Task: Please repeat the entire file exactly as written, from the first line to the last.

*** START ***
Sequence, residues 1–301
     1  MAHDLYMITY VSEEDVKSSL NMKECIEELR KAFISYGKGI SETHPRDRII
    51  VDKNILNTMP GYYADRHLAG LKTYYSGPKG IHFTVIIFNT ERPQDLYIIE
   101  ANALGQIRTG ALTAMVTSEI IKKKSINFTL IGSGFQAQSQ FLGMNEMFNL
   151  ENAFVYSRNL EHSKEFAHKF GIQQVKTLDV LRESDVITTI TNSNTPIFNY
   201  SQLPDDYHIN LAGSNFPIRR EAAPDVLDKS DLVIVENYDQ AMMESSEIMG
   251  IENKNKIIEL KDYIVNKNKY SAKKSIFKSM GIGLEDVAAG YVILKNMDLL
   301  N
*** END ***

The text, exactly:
Sequence, residues 1–301
     1  MAHDLYMITY VSEEDVKSSL NMKECIEELR KAFISYGKGI SETHPRDRII
    51  VDKNILNTMP GYYADRHLAG LKTYYSGPKG IHFTVIIFNT ERPQDLYIIE
   101  ANALGQIRTG ALTAMVTSEI IKKKSINFTL IGSGFQAQSQ FLGMNEMFNL
   151  ENAFVYSRNL EHSKEFAHKF GIQQVKTLDV LRESDVITTI TNSNTPIFNY
   201  SQLPDDYHIN LAGSNFPIRR EAAPDVLDKS DLVIVENYDQ AMMESSEIMG
   251  IENKNKIIEL KDYIVNKNKY SAKKSIFKSM GIGLEDVAAG YVILKNMDLL
   301  N